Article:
Sitting is the new bad word when in reality it’s more than just sitting, the problem is also how long we sit and how unprepared our body is. We tend to stay seated for long periods of time which can change muscular tension and cause that tension to accumulate in certain areas. When these unprepared areas are held in one positions for long, continuous hours such as being seated at your desk, your body starts to adapt toward that position causing one to experience reduced range of motion, stiffness and even pain.
When we sit, the back side of the hip gets longer while the front side gets shorter, just as your elbow has one side that shortens and once side that lengthens when it bends. The muscle that gets talked about most often with the topic of sitting is the hamstring, more specifically the hamstring’s upper attachment to the pelvic bone. But it is also important to note that when you sit, generally that upper hamstring / pelvis attachment is actually longer while the hamstring’s other attachment is shorter. If you’re wondering where the other attachment is located, just put you hand behind your bent knee and you’ll be in the right area. The real culprit to hamstring “tightness” due to sitting is the lower hamstring portion, the portion that connects to the back of your knee. The images below show a common protocol to address this issue. Think about this – when standing, a straight leg extends behind the body about 15 degrees, while a knee bends 150-170 degrees. That’s a big range of motion difference and potential.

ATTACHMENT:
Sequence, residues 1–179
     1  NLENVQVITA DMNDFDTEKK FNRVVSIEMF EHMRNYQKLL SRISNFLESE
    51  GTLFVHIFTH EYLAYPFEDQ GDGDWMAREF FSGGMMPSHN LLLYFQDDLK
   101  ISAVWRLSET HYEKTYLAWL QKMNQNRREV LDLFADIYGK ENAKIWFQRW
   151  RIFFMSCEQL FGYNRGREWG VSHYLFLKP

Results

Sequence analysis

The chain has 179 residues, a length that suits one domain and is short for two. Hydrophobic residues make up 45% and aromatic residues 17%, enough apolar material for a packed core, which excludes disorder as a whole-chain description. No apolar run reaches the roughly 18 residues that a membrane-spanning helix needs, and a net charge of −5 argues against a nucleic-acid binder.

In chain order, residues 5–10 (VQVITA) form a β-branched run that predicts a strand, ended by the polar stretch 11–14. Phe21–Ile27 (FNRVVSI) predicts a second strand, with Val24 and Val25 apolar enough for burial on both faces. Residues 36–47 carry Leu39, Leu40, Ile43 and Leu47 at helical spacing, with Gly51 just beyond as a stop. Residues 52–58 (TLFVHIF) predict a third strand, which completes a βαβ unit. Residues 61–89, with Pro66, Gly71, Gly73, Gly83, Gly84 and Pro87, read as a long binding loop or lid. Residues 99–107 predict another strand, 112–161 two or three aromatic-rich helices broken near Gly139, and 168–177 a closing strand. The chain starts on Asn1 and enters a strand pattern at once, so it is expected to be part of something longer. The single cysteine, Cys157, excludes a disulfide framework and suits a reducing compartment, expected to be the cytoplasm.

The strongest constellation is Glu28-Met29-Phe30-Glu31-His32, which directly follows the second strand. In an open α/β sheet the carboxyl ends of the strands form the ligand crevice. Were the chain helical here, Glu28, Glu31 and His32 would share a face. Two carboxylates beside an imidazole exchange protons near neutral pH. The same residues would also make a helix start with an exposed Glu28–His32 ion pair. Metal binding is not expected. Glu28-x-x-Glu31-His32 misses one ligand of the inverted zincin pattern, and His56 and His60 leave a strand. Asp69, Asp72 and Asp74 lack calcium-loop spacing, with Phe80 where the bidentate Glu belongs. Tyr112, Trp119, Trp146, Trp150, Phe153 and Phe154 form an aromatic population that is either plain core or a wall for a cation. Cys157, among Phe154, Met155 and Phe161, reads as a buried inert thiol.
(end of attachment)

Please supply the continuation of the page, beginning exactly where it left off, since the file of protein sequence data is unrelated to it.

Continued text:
In short, the area that moves the most, in this case the area where the lower hamstring attaches to the knee, has the most to lose or the most to gain! If you leave out this important connection in your body, you will have a hard time finding true relief from those hours of sitting.